Packing every possible whiz-bang feature into an ultra-thin, portable, electronic device seems to be the standard business model for cell phone makers.
These days your handset can do everything from sending e-mail and surfing the Web to watching videos and pinpointing your location on the planet. And yet it's hardly the ideal all-in-one gizmo, and some say it never will be.
Don't mention that notion around Takeshi Natsuno. The 41-year-old vice-president at NTT DoCoMo, Japan's No. 1 wireless carrier, is on a mission to create the ultimate, all-purpose, mobile device. His strategy is to give consumers just about every technology imaginable in a palm-sized phone. 'There's no single killer application. Some will want games, others music,' he says. 'That's why you have to offer as much as possible.'
The almighty tool
It's hard to dismiss Natsuno. He was behind DoCoMo's groundbreaking i-mode data service for cell phones, which has been licensed to telcos in 16 countries. It was Natsuno who pressed Sony to make its FeliCa technology"”a tiny radio on a chip"”available for phones.
That has turned handsets in Japan into contact-free commuter passes, credit cards, and even keys to open the front door at home. In the not-too-distant future, projectors for virtual displays and keyboards could replace the real thing, making for a more compact package. 'I'm trying to make the phone into the almighty tool,' he says.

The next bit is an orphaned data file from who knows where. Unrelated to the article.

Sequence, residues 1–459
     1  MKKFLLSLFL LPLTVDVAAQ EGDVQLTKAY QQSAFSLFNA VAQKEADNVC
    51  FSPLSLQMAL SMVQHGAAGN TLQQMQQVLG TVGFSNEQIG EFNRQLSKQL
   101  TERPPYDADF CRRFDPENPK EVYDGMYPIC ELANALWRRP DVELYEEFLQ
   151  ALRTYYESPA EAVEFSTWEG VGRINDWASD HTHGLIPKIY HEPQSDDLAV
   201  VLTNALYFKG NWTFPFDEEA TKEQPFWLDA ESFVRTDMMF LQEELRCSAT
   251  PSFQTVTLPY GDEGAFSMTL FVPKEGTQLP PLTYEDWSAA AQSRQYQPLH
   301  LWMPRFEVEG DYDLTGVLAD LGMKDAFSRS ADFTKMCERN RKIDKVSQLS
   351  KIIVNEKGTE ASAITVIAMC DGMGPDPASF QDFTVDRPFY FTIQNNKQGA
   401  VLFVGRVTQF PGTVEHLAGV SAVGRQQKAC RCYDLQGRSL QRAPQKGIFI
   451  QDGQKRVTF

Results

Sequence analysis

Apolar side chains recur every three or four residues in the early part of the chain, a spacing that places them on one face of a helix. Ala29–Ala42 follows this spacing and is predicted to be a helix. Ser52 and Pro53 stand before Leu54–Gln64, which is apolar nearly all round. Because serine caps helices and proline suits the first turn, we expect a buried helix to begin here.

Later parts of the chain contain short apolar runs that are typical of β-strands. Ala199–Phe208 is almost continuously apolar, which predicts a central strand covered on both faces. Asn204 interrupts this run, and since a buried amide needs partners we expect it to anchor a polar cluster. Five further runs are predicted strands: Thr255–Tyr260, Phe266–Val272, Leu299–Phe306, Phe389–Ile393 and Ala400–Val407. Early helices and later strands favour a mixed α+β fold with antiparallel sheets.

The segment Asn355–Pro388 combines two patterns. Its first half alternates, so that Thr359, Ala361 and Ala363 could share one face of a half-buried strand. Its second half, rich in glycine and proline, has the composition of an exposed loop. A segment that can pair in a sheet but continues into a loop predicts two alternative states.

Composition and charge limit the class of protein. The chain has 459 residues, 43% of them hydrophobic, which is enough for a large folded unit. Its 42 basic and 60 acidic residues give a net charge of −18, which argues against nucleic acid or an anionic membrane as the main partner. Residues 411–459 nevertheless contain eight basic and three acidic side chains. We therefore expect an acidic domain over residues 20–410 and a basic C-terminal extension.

In the tech world, those are fighting words. Most tech makers will tell you that there's no way to create one portable device that doesn't cut corners. In fact, most people are used to toting around more than one "”a cell phone or PDA, a music player, and maybe a laptop. That's not likely to change, says Pieter Knook, Microsoft's senior vice-president in charge of mobile and embedded devices. 'The single device that does it all will always have a compromise in its capabilities,' he says.
Researchers at Hewlett-Packard would agree. They envision a future in which we rely on a handful of devices that each do one thing well, not an all-in-one solution. The key is what Philip McKinney calls a 'personal wireless gateway device.' About the size of a thin stack of business cards, the gateway would contain every radio and antenna you would need to connect to any short- or long-range wireless network found around the globe. And it would fit easily into a pocket.
The upshot: 'If I take radios out of devices I can get PCs and laptops to be unbelievably small because I take a huge amount of complexity out of it and I get much longer battery life,' says McKinney, who is vice-president and chief technical officer of HP's personal-systems group. The same goes for other devices such as flexible displays for watching movies or playing games and e-checkbooks for paying bills and storing grocery lists.
How many devices are consumers willing to carry‾ In HP's scenario, the magic number is three. In DoCoMo's, that's two too many. 'I want to consolidate everything into one. If you have three things, five things, you'll forget something,' Natsuno says.